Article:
And apropo of the benign form of this cancer: I’ve agreed to help Congresswoman Jackie Speier with an experiment for earmark reform. (Decidedly and clearly progressive) Congresswoman Speier voted against the appropriations bill because of the earmarks in the bill. But as reported in the SF Chronicle:

Speier is now trying a novel experiment: She’s put together a citizen’s oversight panel to recommend projects for federal funding, chaired by Stanford law professor Lawrence Lessig, a critic of earmarks, and including local elected, business and labor leaders. If the model works, she may offer legislation to expand it nationally.

The panel will meet in 3 or 4 public hearings over the next month of so to review earmark proposals. We will then report our recommendations back to her.

The citizen panel idea is completely Speier’s. It is a brilliant idea with enormous potential. More on the potential soon.

]]>
http://www.lessig.org/2009/03/earmark-reform/feed/ 14
activism down under http://www.lessig.org/2009/02/activism-down-under/ http://www.lessig.org/2009/02/activism-down-under/#comments Tue, 17 Feb 2009 10:49:27 +0000 http://lessig.org/blog/2009/02/activism_down_under.html New Zealand's new Copyright Law presumes 'Guilt Upon Accusation' and will Cut Off Internet Connections without a trial. Join the black out protest against it! The anger and activism at a rule in New Zealand requiring Internet service be terminated upon a mere accusation of copyright infringement is growing. ]]>
New Zealand's new Copyright Law presumes 'Guilt Upon Accusation' and will Cut Off Internet Connections without a trial. Join the black out protest against it!

The anger and activism at a rule in New Zealand requiring Internet service be terminated upon a mere accusation of copyright infringement is growing.

]]>
http://www.lessig.org/2009/02/activism-down-under/feed/ 15
from the Zittrain-told-us-so department http://www.lessig.org/2009/01/from-the-zittrain-told-us-so-d/ http://www.lessig.org/2009/01/from-the-zittrain-told-us-so-d/#comments Sun, 25 Jan 2009 16:31:11 +0000 http://lessig.org/blog/2009/01/from_the_zittrain-told-us-so_d.html
jz-worm.JPG
Among the less discussed but insanely important issues Obama needs his CTO to think through -- how to do security consistent with our (now restored) values. And on the must read list: The Future of the Internet and How to Stop It.]]>
jz-worm.JPG

Among the less discussed but insanely important issues Obama needs his CTO to think through — how to do security consistent with our (now restored) values. And on the must read list: The Future of the Internet and How to Stop It.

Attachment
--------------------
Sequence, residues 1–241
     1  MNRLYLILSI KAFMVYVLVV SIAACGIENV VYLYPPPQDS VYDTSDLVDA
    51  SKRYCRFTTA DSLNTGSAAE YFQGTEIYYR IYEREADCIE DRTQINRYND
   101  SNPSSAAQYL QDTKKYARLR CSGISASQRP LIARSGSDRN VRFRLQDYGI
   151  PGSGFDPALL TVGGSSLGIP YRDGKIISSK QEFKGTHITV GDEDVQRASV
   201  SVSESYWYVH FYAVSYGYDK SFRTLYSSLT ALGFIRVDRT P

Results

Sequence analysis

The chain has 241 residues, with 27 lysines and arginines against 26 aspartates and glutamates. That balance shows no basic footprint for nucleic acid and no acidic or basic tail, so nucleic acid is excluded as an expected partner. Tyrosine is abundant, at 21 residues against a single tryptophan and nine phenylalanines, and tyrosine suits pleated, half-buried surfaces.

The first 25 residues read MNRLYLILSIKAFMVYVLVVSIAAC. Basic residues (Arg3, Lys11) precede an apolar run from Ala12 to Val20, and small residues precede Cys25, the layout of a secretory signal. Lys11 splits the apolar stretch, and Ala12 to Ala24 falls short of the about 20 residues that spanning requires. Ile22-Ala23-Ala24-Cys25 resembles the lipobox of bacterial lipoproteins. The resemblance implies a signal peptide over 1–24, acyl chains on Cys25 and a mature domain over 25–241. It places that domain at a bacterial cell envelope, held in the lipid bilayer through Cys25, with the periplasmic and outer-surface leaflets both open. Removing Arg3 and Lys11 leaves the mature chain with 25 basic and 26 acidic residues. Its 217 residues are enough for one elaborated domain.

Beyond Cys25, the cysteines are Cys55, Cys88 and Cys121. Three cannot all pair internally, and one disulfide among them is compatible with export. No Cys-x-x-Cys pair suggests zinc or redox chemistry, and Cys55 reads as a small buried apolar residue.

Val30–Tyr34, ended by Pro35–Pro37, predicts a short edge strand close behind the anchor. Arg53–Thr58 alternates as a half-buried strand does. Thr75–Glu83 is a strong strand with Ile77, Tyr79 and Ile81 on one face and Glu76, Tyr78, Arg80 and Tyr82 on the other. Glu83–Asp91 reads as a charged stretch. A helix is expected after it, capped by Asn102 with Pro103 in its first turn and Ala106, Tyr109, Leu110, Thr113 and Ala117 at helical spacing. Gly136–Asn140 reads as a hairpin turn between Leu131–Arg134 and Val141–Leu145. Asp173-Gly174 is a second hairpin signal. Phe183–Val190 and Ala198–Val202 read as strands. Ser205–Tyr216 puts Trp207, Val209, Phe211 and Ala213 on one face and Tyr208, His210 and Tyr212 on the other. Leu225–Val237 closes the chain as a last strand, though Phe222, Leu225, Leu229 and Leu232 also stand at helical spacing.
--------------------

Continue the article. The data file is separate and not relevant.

]]>
http://www.lessig.org/2009/01/from-the-zittrain-told-us-so-d/feed/ 16
End the [copyright] war: NOW! http://www.lessig.org/2008/12/end-the-copyright-war-now/ http://www.lessig.org/2008/12/end-the-copyright-war-now/#comments Wed, 24 Dec 2008 03:44:34 +0000 http://lessig.org/blog/2008/12/end_the_copyright_war_now.html
usnews.JPG
]]>
usnews.JPG

]]>
http://www.lessig.org/2008/12/end-the-copyright-war-now/feed/ 7
On effective ways to silence your critics http://www.lessig.org/2008/10/on-effective-ways-to-silence-y/ http://www.lessig.org/2008/10/on-effective-ways-to-silence-y/#comments Tue, 07 Oct 2008 02:31:26 +0000 http://lessig.org/blog/2008/10/on_effective_ways_to_silence_y.html the (incredible) story of a rule imposed on witnesses who wanted to testify in a credit card hearing that would permit the credit card companies to reveal their private financial data. "Only fair," defenders of the rule stated, such as Congrssman Bachus (R-AL). But when Warren asked whether the credit card companies would have to provide support for the factual claims they made, the answer was silence. Only consumers have to waive their privacy to testify. Credit card companies get to say whatever they want, without having to establish any factual basis. ]]> Harvard Professor Elizabeth Warren tells the (incredible) story of a rule imposed on witnesses who wanted to testify in a credit card hearing that would permit the credit card companies to reveal their private financial data. “Only fair,” defenders of the rule stated, such as Congrssman Bachus (R-AL). But when Warren asked whether the credit card companies would have to provide support for the factual claims they made, the answer was silence. Only consumers have to waive their privacy to testify. Credit card companies get to say whatever they want, without having to establish any factual basis.